COVID losses exceed $3 billion in eastern Ontario
By Chad Ingram
As of the beginning of June, the estimated economic losses created by the COVID-19 pandemic in eastern Ontario totalled more than $3 billion, with the equivalent of 80,000 jobs lost.
During an online meeting in June, members of the Eastern Ontario Leadership Council heard a presentation from members of consulting firm Limestone Analytics regarding economic projections stemming from the COVID-19 crisis. Among the partners of the council are the Eastern Ontario Wardens’ Caucus, of which Haliburton County is a part, the Eastern Ontario Regional Network (owned by the EOWC), and the Eastern Ontario Mayors’ Caucus. The firm’s roster includes a number of economics professors from Queen’s University.
From February until the start of June, “We are looking at a hit of approximately $3.1 billion to the economy of eastern Ontario,” Bahman Kashi, founder and president of Limestone Analytics and adjunct faculty at Queen’s, said during the webinar. That lost gross domestic product entailed the loss of 80,000 full-time equivalent jobs.
“A share of this is jobs that are actually no longer there, and a portion of it is people just working less hours,” Kashi said. The tourism sector has been hit hard, with some 23,000 of those 80,000 FTE job losses in food provision, accommodation and retail. The firm’s projections, which are based on a continued, phased re-opening of the economy by the provincial government, include losses for eastern Ontario by the end of the calendar year totalling between $6.8 and $8.1 billion, the difference based largely on the tourism sector’s ability to recover.
A change in consumer behaviour means spending on travel, recreation and tourism is down, and this decrease creates ramifications for other areas of the economy.
“Their projections will also have implications on the projections of other sectors, because people may be spending elsewhere, or the inputs that would be purchased from other sectors may not be purchased,” Kashi said. “So, the impact will be felt by other sectors, too.”
Proportionally, eastern Ontario has actually fared better than the province at large.
“There is less manufacturing,” Kashi said, adding that manufacturing took a huge hit near the start of the pandemic so areas that rely heavily on manufacturing, such as some west of Toronto, subsequently took a sharp economic dive. Eastern Ontario’s industrial composition, with many jobs in the financial services, for instance, is such that it is has allowed it to remain less affected than other regions of the province.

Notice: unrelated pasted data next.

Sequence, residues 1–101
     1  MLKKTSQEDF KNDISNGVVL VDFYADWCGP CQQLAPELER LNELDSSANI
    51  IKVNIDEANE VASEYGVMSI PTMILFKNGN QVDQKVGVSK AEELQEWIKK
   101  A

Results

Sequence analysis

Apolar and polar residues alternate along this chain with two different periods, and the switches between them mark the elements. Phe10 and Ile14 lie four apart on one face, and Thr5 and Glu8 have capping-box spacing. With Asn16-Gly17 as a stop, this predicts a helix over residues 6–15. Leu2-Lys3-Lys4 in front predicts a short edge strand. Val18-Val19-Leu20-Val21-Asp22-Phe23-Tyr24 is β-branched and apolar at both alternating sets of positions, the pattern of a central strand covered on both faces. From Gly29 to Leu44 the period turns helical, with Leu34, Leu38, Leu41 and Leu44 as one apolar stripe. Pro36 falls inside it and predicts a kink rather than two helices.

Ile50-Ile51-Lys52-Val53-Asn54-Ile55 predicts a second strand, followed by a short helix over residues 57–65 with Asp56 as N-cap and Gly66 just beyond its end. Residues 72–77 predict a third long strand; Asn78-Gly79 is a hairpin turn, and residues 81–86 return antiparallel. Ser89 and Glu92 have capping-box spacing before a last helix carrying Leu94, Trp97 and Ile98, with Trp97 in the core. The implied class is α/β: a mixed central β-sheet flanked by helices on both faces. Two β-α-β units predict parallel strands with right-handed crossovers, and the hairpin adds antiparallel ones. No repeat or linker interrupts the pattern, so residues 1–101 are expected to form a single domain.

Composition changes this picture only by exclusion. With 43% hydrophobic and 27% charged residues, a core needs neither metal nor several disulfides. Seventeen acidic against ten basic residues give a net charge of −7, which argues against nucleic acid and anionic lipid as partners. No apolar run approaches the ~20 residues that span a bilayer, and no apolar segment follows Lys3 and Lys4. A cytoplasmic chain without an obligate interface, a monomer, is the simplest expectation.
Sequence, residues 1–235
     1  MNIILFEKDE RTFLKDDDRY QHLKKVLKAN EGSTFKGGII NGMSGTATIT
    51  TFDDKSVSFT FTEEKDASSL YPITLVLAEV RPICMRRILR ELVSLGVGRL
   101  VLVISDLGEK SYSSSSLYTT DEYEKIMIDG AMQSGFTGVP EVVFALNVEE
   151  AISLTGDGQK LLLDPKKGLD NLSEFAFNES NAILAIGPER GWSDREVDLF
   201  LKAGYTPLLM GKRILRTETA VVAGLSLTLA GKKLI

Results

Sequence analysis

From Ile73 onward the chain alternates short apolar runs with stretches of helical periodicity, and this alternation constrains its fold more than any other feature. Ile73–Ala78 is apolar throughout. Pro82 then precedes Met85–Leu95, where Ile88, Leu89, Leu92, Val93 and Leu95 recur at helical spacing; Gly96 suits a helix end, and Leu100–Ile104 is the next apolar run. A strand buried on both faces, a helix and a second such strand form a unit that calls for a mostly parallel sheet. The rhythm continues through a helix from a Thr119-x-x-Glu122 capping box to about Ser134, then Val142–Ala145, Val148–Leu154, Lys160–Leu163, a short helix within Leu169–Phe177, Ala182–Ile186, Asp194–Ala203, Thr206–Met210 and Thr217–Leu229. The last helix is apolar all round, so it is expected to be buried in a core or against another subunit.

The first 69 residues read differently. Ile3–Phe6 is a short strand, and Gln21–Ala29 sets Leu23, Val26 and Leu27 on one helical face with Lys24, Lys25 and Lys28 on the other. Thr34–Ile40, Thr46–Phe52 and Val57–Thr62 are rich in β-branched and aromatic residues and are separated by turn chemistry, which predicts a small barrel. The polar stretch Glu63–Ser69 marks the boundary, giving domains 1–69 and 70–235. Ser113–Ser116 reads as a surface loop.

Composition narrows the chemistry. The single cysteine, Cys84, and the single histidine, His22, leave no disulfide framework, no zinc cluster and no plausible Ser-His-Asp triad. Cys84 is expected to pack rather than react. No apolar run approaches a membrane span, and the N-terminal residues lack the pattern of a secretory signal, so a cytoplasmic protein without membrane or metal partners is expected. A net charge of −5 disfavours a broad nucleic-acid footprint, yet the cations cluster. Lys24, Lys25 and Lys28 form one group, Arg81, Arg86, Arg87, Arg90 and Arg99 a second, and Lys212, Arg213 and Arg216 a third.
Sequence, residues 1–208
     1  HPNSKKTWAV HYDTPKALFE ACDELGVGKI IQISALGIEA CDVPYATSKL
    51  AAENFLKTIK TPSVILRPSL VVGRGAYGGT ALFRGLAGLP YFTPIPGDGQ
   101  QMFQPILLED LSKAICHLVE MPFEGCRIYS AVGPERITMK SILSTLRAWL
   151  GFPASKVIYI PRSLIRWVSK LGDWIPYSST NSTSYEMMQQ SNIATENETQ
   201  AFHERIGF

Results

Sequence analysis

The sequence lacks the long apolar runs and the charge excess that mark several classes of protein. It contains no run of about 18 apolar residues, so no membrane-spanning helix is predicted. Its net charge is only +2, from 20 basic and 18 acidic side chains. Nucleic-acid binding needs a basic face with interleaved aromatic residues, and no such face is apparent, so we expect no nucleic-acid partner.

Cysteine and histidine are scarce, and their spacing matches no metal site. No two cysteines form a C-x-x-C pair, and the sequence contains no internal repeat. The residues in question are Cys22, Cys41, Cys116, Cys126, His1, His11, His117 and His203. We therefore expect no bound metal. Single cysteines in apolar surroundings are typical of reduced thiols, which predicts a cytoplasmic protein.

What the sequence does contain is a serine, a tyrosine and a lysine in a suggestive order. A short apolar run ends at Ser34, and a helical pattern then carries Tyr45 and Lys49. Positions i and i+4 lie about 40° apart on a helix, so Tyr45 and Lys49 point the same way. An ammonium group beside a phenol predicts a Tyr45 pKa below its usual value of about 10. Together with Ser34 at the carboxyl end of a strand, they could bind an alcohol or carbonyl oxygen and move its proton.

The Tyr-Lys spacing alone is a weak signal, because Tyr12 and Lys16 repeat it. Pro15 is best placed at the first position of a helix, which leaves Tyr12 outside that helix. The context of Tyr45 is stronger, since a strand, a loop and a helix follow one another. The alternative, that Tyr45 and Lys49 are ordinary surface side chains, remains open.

Kashi said that a diversification of sectors in general can create at least some degree of resiliency in a regional economy. “This pandemic gives us some measure, so we can use this pandemic and look at how different regions have been impacted . . . and then try to see if we can explain that based on some parameters.”
The firm’s projections for Ontario as whole include lost GDP by the end of 2020 of between an estimated $89 billion and $107 billion, again dependent largely on the tourism sector’s ability to rebound.
In response, the EOWC is proposing a new gigabyte project to enhance fixed broadband internet connectivity throughout the region.
“COVID-19 had exposed the serious lack of internet access and capacity for rural residents and businesses across eastern Ontario. EORN and the EOWC are proposing a new fixed broadband project that will be capable of delivering speeds of one Gbps (gigabit per second) for up to 95 per cent of the homes and businesses across the EOWC region,” reads a release from the EOWC. “EORN is ready to work with the federal and provincial governments, as well as other key stakeholders in order to move the project forward quickly.”
That project would be in addition to the EOWC’s $213-million cell gap project, which seeks to fill all existing gaps in cellular broadband connectivity throughout the eastern portion of the province with the construction of new communications towers. A request for proposals was recently released for that project, which is expected to take about four years to complete.
Members of the EOWC have been meeting with federal MPs to discuss possible solutions to helping revive regional economies.
“The EOWC looks forward to continuing its work with the federal government in order to implement solutions that help local economies, reduce costs, and ultimately make changes that improve the lives of the people of Ontario, and across Canada,” the release reads.
In light of the COVID-19 crisis, the EOWC has reframed a number of priorities, chief among them a review of municipal long-term care facilities.
“The EOWC is currently preparing an RFP in order to engage a consultant and looks forward to providing an update on the study findings in the coming months. This research will help provide a portrait of the ‘situation on the ground’ and better inform provincial ministries of the current municipal realities.”